When it comes to growing healthy, tasty tomatoes and other summer vegetables, success begins with the fundamentals.

“Basically, all plants need the same kinds of nutrients, although the proportions may vary some,” said Pat Patterson, an Oregon State University Master Gardener volunteer for more than 40 years. “There is the NPK—nitrogen, phosphorus and potassium—and then there are calcium, magnesium and sulfur, and the 16 other micro elements.”

This may seem like a lot to rustle up for your vegetables. “Not really,” said Pat, who teaches OSU extension service classes in soils and vegetables. “Ninety-five percent of what plants need is nothing that you can buy in a bag,” she said. And that 95 percent? “Carbon dioxide and water,” she explained. That, along with sunlight, is what plants require for photosynthesis, which is how plants make their own food from soil elements.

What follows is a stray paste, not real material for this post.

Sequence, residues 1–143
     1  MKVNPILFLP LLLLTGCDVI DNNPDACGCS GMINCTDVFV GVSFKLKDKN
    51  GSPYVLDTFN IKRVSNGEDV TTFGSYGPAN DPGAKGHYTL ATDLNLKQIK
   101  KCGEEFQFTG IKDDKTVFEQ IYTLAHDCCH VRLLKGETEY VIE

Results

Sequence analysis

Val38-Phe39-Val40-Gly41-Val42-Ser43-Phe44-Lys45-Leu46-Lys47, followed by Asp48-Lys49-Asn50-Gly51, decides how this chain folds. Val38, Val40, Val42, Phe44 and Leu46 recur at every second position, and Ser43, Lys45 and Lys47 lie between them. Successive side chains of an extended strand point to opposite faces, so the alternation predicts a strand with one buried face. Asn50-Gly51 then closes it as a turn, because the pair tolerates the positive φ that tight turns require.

But how do you know if you’ve got enough of the other five percent to grow healthy vegetables?

Feeding Your Soil

“You really need to have the soil tested by a soil testing laboratory. Those little test kits that you can get are worthless,” she said. “Frequently, your local extension office can do it, or, there are some very good labs out there.”

Basic soil tests cost around $20 but you’ll get more than just a bunch of numbers. “They’ll give you the test results and then interpret them for you,” she said. And if you want to get gardening without waiting for the results, take a good look at your garden spot. “If it’s growing a good crop of weeds, the soil is probably pretty good.”

Still, your soil test may show some deficiencies that you can correct. But, just throwing a handful of fertilizer into the dirt won’t necessarily produce fabulous plants.

“Quick-release fertilizer feeds the plant and then it’s gone,” she said. “You need to keep nutrients in the soil available to the plant. You’re feeding the soil, not the plants.”

Soil temperature and a balance of nutrients are critical for allowing the plants to take up the nutrients. The reason: “Plants aren’t able to take up nutrients if the soil is too cold. They don’t do much below 50 degrees F.”

Avoid Rookie Errors